The famous Timelord seal that we see is also of the Prydonian Chapter, first referred to as such in the same story. However we did SEE it before that in Revenge of the Cybermen (1975) as a symbol on Voga, that designer Roger Murray Leach simply reused in The Deadly Assassin (1976) as you can see below.


“I get a few minutes eyesight, but I lose something. Maybe all my future regenerations”. Now we know Moffatt has a crude sense of humour, with The Big Bang (2010) being his secret in-joke of this episode being when River was conceived. Now we know the next Doctor will be female, and many people have trouble accepting the fact that all his regenerations so far have been male, why would the next one be female. Well this scene is foreshadowing that very question as the Doctor is borrowing something from his future self, and I suspect Moffatt is being quite crude as to what that “something” is that he will lose.

I did wonder when I first watched this episode whether the Monks were related in some way to the Mondasian Cybermen, knowing that they were coming up later in the season, as the original Cybermen in The Tenth Planet (1966) also talked by simply opening their mouth and holding it open for the entire sentence, with no lip movement to articulate each syllable.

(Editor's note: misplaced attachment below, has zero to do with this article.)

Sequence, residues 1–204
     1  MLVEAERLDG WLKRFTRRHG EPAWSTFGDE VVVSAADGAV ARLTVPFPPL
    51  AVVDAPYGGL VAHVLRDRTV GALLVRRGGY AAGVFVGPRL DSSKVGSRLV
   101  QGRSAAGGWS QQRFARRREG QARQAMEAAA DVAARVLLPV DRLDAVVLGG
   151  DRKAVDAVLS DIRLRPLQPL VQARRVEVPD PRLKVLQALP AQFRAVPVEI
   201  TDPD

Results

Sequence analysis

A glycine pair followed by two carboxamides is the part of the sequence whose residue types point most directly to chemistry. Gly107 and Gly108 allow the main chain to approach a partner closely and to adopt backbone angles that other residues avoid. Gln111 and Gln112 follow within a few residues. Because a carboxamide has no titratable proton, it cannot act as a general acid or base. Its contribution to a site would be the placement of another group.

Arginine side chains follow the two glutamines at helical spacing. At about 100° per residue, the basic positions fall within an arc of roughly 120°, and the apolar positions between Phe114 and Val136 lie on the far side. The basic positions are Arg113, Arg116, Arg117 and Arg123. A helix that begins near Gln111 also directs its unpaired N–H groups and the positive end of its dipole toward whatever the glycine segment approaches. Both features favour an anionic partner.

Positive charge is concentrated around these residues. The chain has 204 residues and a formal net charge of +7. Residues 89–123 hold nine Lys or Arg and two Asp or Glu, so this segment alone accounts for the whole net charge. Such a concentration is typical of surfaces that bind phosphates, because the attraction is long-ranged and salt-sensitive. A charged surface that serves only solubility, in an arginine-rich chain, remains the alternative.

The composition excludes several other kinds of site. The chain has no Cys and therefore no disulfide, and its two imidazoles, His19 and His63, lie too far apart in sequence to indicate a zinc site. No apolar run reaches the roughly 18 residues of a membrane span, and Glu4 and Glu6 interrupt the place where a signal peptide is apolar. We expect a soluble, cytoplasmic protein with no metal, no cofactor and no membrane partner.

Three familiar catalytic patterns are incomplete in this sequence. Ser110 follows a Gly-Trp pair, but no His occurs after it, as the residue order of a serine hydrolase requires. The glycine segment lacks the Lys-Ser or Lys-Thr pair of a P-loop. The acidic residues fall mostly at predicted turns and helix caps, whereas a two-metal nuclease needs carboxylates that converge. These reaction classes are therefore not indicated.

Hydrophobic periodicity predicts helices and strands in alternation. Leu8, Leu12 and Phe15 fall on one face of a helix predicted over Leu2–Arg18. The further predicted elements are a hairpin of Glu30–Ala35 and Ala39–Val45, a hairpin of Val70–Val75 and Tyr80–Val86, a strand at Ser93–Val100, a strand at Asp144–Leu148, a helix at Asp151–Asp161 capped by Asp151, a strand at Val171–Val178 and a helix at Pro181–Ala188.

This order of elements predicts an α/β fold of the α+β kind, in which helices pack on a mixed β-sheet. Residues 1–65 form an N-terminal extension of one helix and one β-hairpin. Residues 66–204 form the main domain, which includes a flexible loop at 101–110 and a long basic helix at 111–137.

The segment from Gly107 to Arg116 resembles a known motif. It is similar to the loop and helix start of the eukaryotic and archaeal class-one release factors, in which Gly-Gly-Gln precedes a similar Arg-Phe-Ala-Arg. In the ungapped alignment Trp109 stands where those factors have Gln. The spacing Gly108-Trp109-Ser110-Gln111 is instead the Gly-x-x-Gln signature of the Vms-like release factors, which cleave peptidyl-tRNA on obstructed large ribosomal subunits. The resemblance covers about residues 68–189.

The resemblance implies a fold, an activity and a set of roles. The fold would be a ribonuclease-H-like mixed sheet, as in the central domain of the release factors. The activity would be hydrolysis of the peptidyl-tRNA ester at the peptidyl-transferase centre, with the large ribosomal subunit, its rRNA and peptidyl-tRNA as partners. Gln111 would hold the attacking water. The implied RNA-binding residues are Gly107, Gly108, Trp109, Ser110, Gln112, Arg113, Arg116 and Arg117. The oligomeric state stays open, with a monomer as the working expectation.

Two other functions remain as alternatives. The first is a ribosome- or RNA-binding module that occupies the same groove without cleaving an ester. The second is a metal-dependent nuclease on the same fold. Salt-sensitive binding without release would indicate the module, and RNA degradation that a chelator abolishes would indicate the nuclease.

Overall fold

Unusually the technobabble about computer random numbers actually has a lot of foundation in truth, as computers genuinely can’t generate real random numbers. What they can do is generate pseudo random number by using complex mathematical formulas to generate a sequence of seemingly unrelated numbers, and then using a “seed” to tell the computer where in the sequence to start. So the theory goes if you use the same seed, each time you run the same program, the random numbers would repeat themselves. In reality the seed used is often something itself that doesn’t repeat such as the date and time down to a fraction of a second, so each time you run the program you start at a different point in the sequence, otherwise video games would be very predictable.

So then we find the Doctor in the Oval Office of the Whitehouse, and not for the first time, having materialised the TARDIS in there in The Impossible Astronaut (2010), it’s also not the first time an American President has died on the show, with one being killed by the Toclafane in The Last of the Timelords (2008).

Eventually we find out that of course Missy isn’t dead, the Doctor wasn’t her executioner, not that we ever thought that for a minute of course. We also see that the Doctor racks up a massive body count, despite being rarely armed, or using weapons, or even doing the deed himself. In fact this is so much part of the Doctor’s character that it cause uproar in 1985, when the Doctor used a Cyber gun to shoot a Cyberman in Attack of the Cybermen (1985), but then the Sixth Doctor was always just that little bit darker than many of his other incarnations.